Sudan: Hundreds of Protesters Detained, Mistreated
(Nairobi) – Sudan’s security forces have unlawfully detained hundreds of protesters since December 2021 and forcibly disappeared scores as part of its broader clampdown on opposition to the October 25 military coup, Human Rights Watch said today. Security forces have beaten and otherwise ill-treated detained protesters, including stripping child detainees naked and threatening sexual violence against women. Sudanese authorities should release all those unlawfully detained, including those forcibly disappeared, while Sudan’s international partners should impose targeted individual sanctions on those responsible for the repression. “The ruthless and brutal targeting of protesters is an attempt to instill fear, and has largely evaded international scrutiny,” said Mohamed Osman, Sudan researcher at Human Rights Watch. “For months, security forces have abused and illegally detained hundreds of people, including children, who express their opposition to military rule.” On October 25, Sudan’s military chief, Lt. Gen. Abdel Fattah al-Burhan, effectively led a military coup against Sudan’s transitional government and declared a state of emergency. On December 26, he issued an emergency order granting security forces immunity and restored arrest powers to the General Intelligence Service (GIS), which has a track record of serious abuses.
The emergency order overturned a decision by the transitional government to deny the agency arrest powers. Since Burhan restored the agency’s arrest powers, arbitrary arrests of protesters have spiked.
The authorities abuse their emergency powers to carry out unlawful detentions, including incommunicado detentions, Human Rights Watch found. Between February and April 2022 Human Rights Watch interviewed 25 people, 8 men and 17 women, including 8 former detainees, and family members of 13 detainees from Khartoum, Madani in Central Sudan, Port Sudan in the East, and El-Fashir in Darfur. Human Rights Watch also interviewed four lawyers involved in protecting protesters, two from the Emergency Lawyers Group, an informal group that has provided legal aid and advocates for those detained since the coup. In early March, the United Nations’ Joint Human Rights Office in Sudan reported that more than 1,000 people were arrested between October 25 and March 3, including 148 children.
The security forces have targeted people who are active or perceived to be active in the protest movement, Human Rights Watch found. Some were arrested during or in the immediate aftermath of demonstrations, and others were grabbed off the streets, or from their cars or homes. Various sections of the security forces, including anti-riot police, Central Reserve Police (CRP), and military units from the Sudan Armed Forces (SAF), along with unidentified plainclothes agents, also have carried out arrests. Security forces’ alleged violence against protesters included sexual abuse and rape threats.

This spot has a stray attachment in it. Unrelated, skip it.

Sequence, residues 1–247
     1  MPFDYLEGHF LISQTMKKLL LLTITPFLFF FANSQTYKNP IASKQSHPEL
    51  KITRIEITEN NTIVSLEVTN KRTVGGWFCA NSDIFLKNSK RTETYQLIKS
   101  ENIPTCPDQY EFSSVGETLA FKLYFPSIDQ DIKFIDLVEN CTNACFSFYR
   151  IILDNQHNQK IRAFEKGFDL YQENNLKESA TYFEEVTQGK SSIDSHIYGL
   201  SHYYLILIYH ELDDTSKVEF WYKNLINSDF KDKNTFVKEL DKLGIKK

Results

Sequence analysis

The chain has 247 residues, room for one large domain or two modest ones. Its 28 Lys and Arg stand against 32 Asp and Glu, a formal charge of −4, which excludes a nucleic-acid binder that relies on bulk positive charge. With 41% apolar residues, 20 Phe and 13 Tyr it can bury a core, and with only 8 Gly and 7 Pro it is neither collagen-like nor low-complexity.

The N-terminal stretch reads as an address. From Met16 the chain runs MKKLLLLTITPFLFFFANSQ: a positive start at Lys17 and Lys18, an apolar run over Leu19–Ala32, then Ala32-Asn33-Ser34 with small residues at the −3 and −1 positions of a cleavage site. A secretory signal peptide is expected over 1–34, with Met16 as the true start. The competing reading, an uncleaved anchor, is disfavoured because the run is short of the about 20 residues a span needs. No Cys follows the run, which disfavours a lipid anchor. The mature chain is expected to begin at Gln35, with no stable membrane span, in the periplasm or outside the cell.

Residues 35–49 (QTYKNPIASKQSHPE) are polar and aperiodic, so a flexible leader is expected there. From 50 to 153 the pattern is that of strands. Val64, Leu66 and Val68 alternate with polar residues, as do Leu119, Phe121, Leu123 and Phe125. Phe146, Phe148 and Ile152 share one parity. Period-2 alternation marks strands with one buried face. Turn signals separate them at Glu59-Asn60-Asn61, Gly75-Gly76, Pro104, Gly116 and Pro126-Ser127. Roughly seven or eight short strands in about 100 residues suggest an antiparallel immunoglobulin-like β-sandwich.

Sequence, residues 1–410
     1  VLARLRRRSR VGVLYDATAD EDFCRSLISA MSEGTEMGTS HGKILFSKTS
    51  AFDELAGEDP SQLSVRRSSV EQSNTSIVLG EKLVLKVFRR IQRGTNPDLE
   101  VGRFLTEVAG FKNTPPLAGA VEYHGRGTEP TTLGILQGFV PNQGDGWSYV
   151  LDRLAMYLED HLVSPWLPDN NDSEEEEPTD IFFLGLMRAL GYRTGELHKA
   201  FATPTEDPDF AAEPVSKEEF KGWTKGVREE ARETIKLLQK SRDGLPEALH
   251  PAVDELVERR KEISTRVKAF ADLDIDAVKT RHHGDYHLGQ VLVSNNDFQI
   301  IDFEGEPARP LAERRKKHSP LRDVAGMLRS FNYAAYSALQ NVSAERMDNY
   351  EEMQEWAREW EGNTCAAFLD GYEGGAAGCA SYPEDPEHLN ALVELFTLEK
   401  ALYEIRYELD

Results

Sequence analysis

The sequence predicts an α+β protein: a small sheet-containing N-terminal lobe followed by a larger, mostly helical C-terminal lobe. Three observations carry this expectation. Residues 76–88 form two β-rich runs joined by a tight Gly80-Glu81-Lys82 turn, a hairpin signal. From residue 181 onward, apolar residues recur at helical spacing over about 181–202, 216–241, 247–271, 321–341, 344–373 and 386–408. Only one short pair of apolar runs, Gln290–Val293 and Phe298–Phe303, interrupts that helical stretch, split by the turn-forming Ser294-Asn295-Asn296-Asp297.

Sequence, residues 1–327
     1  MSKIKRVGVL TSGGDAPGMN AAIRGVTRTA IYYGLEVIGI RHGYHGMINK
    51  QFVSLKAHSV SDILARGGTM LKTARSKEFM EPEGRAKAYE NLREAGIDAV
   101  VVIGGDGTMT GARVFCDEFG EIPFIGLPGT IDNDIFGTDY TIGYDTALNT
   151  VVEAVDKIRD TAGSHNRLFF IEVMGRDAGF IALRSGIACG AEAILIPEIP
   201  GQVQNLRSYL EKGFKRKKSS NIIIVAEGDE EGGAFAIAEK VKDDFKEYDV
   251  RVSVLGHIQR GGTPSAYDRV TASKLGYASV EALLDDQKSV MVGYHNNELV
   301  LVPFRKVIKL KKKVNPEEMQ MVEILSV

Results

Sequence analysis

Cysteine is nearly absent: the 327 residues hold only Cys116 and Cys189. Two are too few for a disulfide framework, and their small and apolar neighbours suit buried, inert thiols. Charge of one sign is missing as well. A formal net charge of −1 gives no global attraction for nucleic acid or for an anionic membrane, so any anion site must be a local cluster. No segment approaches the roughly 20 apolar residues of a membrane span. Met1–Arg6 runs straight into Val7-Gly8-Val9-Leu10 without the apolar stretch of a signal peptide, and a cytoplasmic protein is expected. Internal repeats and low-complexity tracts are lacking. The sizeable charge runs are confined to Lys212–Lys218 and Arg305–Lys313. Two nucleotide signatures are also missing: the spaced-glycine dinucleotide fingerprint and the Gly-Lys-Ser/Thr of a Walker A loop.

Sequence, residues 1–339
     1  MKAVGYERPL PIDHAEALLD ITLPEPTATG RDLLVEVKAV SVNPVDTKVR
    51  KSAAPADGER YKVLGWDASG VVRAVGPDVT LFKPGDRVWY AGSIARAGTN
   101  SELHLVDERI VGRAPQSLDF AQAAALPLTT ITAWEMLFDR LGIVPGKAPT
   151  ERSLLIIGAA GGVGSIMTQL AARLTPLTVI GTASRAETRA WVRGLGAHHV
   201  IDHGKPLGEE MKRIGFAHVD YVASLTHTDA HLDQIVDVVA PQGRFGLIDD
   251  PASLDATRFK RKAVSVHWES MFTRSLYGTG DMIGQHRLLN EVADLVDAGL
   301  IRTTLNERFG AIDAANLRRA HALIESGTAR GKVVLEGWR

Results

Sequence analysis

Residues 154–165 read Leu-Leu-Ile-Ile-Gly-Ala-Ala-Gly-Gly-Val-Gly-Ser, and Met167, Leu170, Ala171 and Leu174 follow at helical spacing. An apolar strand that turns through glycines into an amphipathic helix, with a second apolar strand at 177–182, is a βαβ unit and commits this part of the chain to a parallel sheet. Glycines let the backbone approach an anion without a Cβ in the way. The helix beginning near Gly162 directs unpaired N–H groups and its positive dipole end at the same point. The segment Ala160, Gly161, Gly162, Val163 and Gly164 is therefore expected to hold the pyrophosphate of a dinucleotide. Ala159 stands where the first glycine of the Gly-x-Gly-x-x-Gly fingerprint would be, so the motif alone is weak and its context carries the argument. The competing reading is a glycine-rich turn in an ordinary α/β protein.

The UN special representative of the secretary general in Sudan reported that as of March 22, 16 women had reported being raped during protests in Khartoum. Security forces have also ill-treated children including allegedly stripping them naked and partially shaving their heads. Families interviewed said they had been intimidated into dropping possible complaints against the security forces.
The mother of a 16-year-old in Madani said that she found her son at a police station after he attended a protest on December 13: “I saw my son bleeding and badly beaten. He was topless. When I requested that my son be medically examined, the police told me: ‘We will release your son without charges, but you will not sue us.’” The security forces generally detain protesters in police facilities or undisclosed locations before transferring them to prison but without bringing them before a court or a prosecutor, Human Rights Watch found. Four detainees held for between two and four weeks in Soba and Omdurman prisons in January and February said they were denied family visits and access to lawyers. Two lawyers working on detainee cases said that authorities with oversight responsibilities for detention, including the office of the attorney-general, often deny knowledge of people detained, or send families to other institutions for information. Refusing to acknowledge a person’s detention or to disclose their whereabouts in custody can constitute an enforced disappearance, a crime under international law. A lawyer and two former detainees interviewed said that in Khartoum, orders to detain someone, extend their detention, or release them appear to be managed through the state joint security committee, which includes representatives from all security forces and is headed by Khartoum’s acting state governor. On April 25, a judge refused to sanction the continued detention of 19 members and staff from the ‘Dismantling Committee,’ who had yet to appear before a court despite being detained since February on charges of breach of trust, a criminal offense punishable by death among other penalties.